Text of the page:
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Thursday, May 16, 2019

AB Purchase of CBA Imminent

The Craft Brew Alliance held its annual shareholder meeting Tuesday at the shuttered Widmer pub. Shareholders got to hear about the state of the company and pick up their free beer. Yeah, if you own stock, you get a free case of beer each year. You don't have to drink it.

I've been watching the CBA story for several years. If you've been following along, you probably know we're approaching the contractual deadline by which time Anheuser-Busch must make a qualifying offer to purchase the CBA. The date is August 23.

That timeline is based on a contract (actually several) signed in 2016. The details are fairly well-known. For the unaware, the agreement(s) covered contract brewing, domestic and international distribution. It also set deadlines for outright purchase at a set minimum price per share in successive years, the last of which comes in August at a minimum offer price of $24.50.

When the agreement was announced, many viewed it as a framework for a slow moving buyout. Craft beer was growing steadily. People who owned CBA stock figured to cash in. Investors on the outside, if they were paying attention, saw the chance to make some easy money.

Yet the stock price languished, staying well below the required buyout price. Yesterday, CBA stock closed at $15.33. Simple math. That's $10 less than the required 2019 offer price, which suggests the investment community isn't confident a deal will happen by August. If there was confidence, the stock price would be north of $20.

Why the lack of confidence. For one, the craft beer landscape looks a little sketchy. Established brands are suffering as a sea of newcomers sucks up market share. In the case of the CBA, its former flagship brands, Widmer and Redhook, are in dramatic decline and a drag on profitability. No need to delve into the details. Craft beer doesn't look like a great investment right now.

The CBA remains a buyout target only because of Kona, which continues strong growth in a fragmenting industry. Kona has been carrying the CBA for several years. It's a unicorn brand, seemingly impervious to volatility in the market. Kona lost a bit of momentum in Q1, but appears poised to rebound strongly heading into the busy summer beer season.

Virtually everything the CBA leadership has done in recent times was done to make the company a juicier buyout target for AB. The shuttering of unprofitable pubs looked awkward, but removed overhead and costly benefit packages from the ledger. Closing the Widmer tasting room, where they briefly showcased experimental beers, saved barely any money, but signaled that they were abandoning any effort to rebuild local brand status. And so on.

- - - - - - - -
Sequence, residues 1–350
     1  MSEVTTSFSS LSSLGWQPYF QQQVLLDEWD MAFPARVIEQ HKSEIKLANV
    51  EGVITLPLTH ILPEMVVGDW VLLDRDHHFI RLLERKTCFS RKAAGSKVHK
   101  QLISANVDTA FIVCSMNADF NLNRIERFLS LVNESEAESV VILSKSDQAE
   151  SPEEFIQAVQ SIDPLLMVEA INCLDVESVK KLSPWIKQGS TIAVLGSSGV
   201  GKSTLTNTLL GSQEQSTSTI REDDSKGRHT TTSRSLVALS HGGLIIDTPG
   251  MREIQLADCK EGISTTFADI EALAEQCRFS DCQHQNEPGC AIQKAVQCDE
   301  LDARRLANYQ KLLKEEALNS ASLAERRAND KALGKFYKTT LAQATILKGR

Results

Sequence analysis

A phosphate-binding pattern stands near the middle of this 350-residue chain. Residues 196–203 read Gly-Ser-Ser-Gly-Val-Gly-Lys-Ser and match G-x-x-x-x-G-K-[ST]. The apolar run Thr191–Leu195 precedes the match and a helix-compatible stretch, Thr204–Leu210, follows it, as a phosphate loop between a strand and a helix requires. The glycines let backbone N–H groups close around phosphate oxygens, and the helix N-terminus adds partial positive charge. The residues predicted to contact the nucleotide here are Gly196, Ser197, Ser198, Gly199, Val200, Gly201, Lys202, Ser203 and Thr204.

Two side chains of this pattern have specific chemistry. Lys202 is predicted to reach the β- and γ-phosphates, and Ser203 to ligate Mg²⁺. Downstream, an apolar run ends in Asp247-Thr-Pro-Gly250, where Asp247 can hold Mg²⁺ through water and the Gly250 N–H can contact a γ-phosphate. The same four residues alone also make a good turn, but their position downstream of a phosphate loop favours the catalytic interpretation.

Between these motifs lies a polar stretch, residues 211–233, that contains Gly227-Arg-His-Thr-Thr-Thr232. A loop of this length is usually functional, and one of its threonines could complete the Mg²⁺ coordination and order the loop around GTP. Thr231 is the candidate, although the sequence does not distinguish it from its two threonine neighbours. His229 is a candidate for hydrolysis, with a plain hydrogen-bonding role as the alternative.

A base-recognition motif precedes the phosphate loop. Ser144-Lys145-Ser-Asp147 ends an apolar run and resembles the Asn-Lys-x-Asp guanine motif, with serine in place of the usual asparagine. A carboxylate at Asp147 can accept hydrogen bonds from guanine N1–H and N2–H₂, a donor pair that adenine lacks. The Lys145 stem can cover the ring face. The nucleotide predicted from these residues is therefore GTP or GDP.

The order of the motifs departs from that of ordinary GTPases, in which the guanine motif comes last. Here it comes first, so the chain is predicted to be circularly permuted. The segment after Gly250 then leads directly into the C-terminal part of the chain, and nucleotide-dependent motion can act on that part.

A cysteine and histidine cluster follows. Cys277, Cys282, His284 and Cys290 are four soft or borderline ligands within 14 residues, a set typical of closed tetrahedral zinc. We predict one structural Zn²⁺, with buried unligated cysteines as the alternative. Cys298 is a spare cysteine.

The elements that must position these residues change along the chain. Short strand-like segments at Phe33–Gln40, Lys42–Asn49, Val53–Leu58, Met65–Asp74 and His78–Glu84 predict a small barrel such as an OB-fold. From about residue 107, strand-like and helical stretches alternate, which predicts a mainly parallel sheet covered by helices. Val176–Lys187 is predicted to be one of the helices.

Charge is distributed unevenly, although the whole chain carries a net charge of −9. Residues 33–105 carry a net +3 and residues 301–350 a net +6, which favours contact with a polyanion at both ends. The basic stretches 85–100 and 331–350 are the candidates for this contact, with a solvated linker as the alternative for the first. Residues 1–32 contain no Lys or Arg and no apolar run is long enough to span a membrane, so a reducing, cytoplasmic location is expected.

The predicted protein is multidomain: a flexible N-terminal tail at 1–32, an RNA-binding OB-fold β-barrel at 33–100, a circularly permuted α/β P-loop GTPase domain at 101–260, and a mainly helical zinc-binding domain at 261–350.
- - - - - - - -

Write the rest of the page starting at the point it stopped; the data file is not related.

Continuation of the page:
Those who own CBA stock have been patient. Current and former employees who hold stock quietly hope for a payday. However, those who invested because they perceived that the 2016 agreement set the stage for easy money are getting restless.

Fast forward to yesterday. That's when Boston-based Midwood Capital Management sent a public letter to CBA leadership effectively demanding that they complete a sale to Anheuser-Busch or, failing that, to an unspecified third party investor or company.

This is great stuff. It turns out Midwood Capital loaded up on CBA stock in early 2017 and today sits on about 2 percent of the outstanding shares. Needless to say, they were counting on a financial windfall and aren't happy with the downward trajectory of the stock price. They want action.

What these folks correctly realize is that CBA stock is undervalued on the public market. That's largely due to its grubby appearance. When Wall Street looks at the CBA, it sees the complete package and the complete package doesn't look all that appealing thanks to the dying brands and other drags on profitability.

What Midwood Capital also realizes, correctly it seems, is there is no way shareholder value will be maximized if the CBA stays independent (AB owns just 31 percent). They see the value of Kona, but believe fulfilling that potential will require investment and strategic know-how an independent CBA can't deliver. Again, they're surely right.

With that in mind, Midwood urges the CBA board to accept the qualifying offer if it comes. Further, it wants the board to do whatever it can to encourage AB to make a qualifying offer. If no offer comes, they want quick action to stabilize the stock price and sell the company to another suitor.

Listen, CBA leadership is bent on selling. They can't force a deal, but they want one and have been scheming for several years to make one happen. The idea of staying independent, which they've floated, is a ruse. They know what Midwood knows...that they don't have the horsepower to fully realize Kona's potential. 

For its part, Anheuser-Busch can't afford to pass on this opportunity. Letting Kona fall into the hands of someone else would be a disaster. That's partly because Kona has terrific global potential. But mostly it's because AB would be stuck honoring some pretty unpalatable contractual obligations in a scenario where it didn't own CBA/Kona. Zero chance of that happening.

The clock is ticking, obviously. Buyout details are almost certainly being finalized and a deal will be announced shortly. Expect AB's offer price to exceed the required $24.50 by a dollar or two. They don't want to look cheap. There's no running out the clock on this.

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